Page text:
Topics merely touched upon were Protestant confessions of faith and the vicissitudes of the Orthodox churches. Among the topics which were not covered at all were Protestant mysticism and the churches which were one step farther removed from the Catholicism than mainstream Protestants, such as Mormon, Christian Scientist, and all non-Christian religions.  At that time, too, there was still an Index of Prohibited Books which contained almost all the interesting and ground-breaking books of the world’s patrimony of philosophy and theology.  We were learning catholicism under the assumption that the Catholic Church is the one, true Christian Church and the one place to learn what Christianity signifies  and entails, the one place to learn how to be a Christian.

 

Were we therefore taught that Catholic = Christian?  No, not even the narrow-minded curriculum of 60 years ago pretended that only Catholics are Christians.  It did not even teach that only Catholics could go to heaven, although it was hard-pressed to explain how others could get there. Christian, it taught, was broader than Catholic, but I do not remember hearing that being a  non-Catholic Christian gave one a head start at getting to heaven over total non-Christians, except, perhaps, that “Protestant” sounded better than “heathen” or “Jew.”

 

Years later I read the results of a poll which reported that many born-again Christians did not think that Catholics were Christians, to say nothing of being members of the one, true Christian Church.  The fact that one significant non-Evangelical American Protestant denomination calls itself the “Christian Church,” whereas the “Christian Reformed Church in North America” is an Evangelical denominationperhaps confuses this issue.  There is also a popular wisdom which asserts that to be a Christian is not so much a matter of what you believe, but, rather, of how you act: there are moral norms to put into practice if you are to merit being called a Christian.  Properly speaking, however, living up to these expectations would mean that you are a good Christian.

 

Closer to a possibly generally acceptable notion of what constitutes a Christian is that the person has Christian belief, which is “(1) an act of faith (2) in the historical Jesus (3) as the manifestation of God.” (Crossan 1994, 200)  A more detailed statement of the elements included in the Christian faith is that of the Five Fundamentals, “the inspiration of the Bible, the depravity of man, redemption through Christ’s blood, the true church as a body composed of all believers, and the coming of Jesus to establish his reign.” (Melton 1987, 73)  A complete collection of variants used to describe “Christian” would have to include many creeds, confessions, and other, more detailed, expositions.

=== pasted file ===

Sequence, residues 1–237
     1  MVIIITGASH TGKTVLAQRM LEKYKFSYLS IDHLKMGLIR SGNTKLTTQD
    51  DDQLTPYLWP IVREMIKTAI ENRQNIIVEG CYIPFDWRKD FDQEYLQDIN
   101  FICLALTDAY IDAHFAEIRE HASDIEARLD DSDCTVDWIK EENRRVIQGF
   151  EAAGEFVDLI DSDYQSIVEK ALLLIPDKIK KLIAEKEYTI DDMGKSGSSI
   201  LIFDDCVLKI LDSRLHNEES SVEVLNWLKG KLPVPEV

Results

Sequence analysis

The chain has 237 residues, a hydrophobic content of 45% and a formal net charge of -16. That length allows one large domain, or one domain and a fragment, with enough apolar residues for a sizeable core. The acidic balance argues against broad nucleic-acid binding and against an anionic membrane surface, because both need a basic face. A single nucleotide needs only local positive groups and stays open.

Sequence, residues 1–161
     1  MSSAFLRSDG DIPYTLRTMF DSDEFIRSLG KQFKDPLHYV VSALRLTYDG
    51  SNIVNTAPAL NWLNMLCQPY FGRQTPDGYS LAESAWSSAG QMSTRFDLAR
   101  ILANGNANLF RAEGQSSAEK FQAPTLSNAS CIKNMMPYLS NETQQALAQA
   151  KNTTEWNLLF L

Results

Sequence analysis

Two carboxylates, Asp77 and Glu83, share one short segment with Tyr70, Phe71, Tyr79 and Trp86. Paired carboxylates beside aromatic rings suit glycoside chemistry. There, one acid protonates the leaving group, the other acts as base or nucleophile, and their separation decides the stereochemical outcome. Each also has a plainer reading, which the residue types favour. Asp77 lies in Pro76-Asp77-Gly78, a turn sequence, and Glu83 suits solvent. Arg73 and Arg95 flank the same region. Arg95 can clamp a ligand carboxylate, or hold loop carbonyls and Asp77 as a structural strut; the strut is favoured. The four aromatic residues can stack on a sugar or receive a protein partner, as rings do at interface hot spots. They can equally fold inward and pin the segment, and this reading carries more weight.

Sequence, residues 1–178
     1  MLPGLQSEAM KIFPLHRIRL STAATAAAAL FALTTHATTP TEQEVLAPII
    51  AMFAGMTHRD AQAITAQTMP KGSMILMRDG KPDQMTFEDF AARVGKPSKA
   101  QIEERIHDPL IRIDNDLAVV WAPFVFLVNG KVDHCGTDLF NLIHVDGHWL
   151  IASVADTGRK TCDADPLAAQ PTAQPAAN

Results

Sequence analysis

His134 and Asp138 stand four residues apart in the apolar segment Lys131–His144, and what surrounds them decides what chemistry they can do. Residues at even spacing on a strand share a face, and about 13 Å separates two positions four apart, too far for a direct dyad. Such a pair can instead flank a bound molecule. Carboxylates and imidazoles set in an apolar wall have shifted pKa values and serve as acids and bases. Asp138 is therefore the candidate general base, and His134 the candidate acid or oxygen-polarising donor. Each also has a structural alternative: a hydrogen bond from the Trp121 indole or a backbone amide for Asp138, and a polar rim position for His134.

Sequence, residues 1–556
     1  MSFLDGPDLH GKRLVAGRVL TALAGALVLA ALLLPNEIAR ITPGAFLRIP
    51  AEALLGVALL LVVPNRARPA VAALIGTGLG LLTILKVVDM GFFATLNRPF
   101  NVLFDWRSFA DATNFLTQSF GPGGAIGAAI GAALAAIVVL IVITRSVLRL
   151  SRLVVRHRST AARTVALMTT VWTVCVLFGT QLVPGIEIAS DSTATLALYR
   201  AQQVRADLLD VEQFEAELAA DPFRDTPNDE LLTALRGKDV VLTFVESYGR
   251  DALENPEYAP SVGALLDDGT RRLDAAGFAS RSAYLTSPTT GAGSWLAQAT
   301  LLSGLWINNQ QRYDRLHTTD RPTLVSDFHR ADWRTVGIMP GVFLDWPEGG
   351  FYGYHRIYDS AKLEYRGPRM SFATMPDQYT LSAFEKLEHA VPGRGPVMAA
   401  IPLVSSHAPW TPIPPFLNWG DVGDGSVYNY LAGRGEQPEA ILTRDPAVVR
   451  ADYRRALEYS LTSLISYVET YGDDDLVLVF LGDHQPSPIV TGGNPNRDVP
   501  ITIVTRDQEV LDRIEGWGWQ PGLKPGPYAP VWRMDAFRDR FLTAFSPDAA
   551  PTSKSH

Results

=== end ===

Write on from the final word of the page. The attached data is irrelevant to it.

Before I got around to thinking more about this, however, I began to exchange ideas with Roy Gordon, whose manuscript Heterodox Religions from Antiquity to the Modern World had been forty years in the making. Around 1970 Burton Leroy “Roy” Gordon, young scientist, researcher in ecology before it was a familiar term, was traveling in Europe, broadening his perspectives on natural history and human influences on it. In southern Italy he found a village where the dialect of Piedmont was spoken. It had been brought there by Waldenses, followers of  Waldo, a “Poor Man of Lyon,” who separated from the dominant Christian Church in the fourteenth century, somewhat in anticipation of the Protestant Reformation, which was not to take place for two hundred years.

 

Why Waldo’s group went its way and how it has persisted through the centuries until the present were matters which stimulated Gordon to consider religious heterodoxy: any form of faith that deviates from the generally accepted norms enough to be repugnant to the mass of believers, but not enough to be anathema to them. For nearly 50 years, in which Gordon was known for his research and teaching in environmental science, he applied himself on the side to a study of heterodoxy. At length, in the first decade of the twenty-first century, he published his scientific study Chemical Arts and Technologies of Indigenous Americans  and also entrusted his material on heterodoxy to me, his friend.

 

When Gordon turned over to me his carefully researched notes, I saw in them many facts useful for expanding the essay I had in mind to become more than an introduction to the Christian churches of today. Gordon was, in effect, describing the historical process which had gradually defined Christian doctrine. In the resulting work we devote the first chapter to preliminaries, that is the conceptual elements, such as Gnosticism and Dualism, and the historical religious attitudes of Europe and Western Asia, which entered into the formation of Christianity. Following that is a three chapter survey of how these antecedents continued to be present in Christianity or along its fringes down to the present. These four chapters, the meat of this study, represent the work of both of us. Three appendices, case studies, two by Gordon and one by Tutwiler, complete the presentation.

 

The bibliography ranges through numerous ancient authors to contemporary histories and compendia relating to the topics included in our theme. These matters have been studied exhaustively in recent years, and an enormous abundance of information, trustworthy and not trustworthy, is readily available to everyone on the internet. The contribution we are attempting to make is a readable guide, a fresh, clear pathway toward the understanding of a huge and complex subject.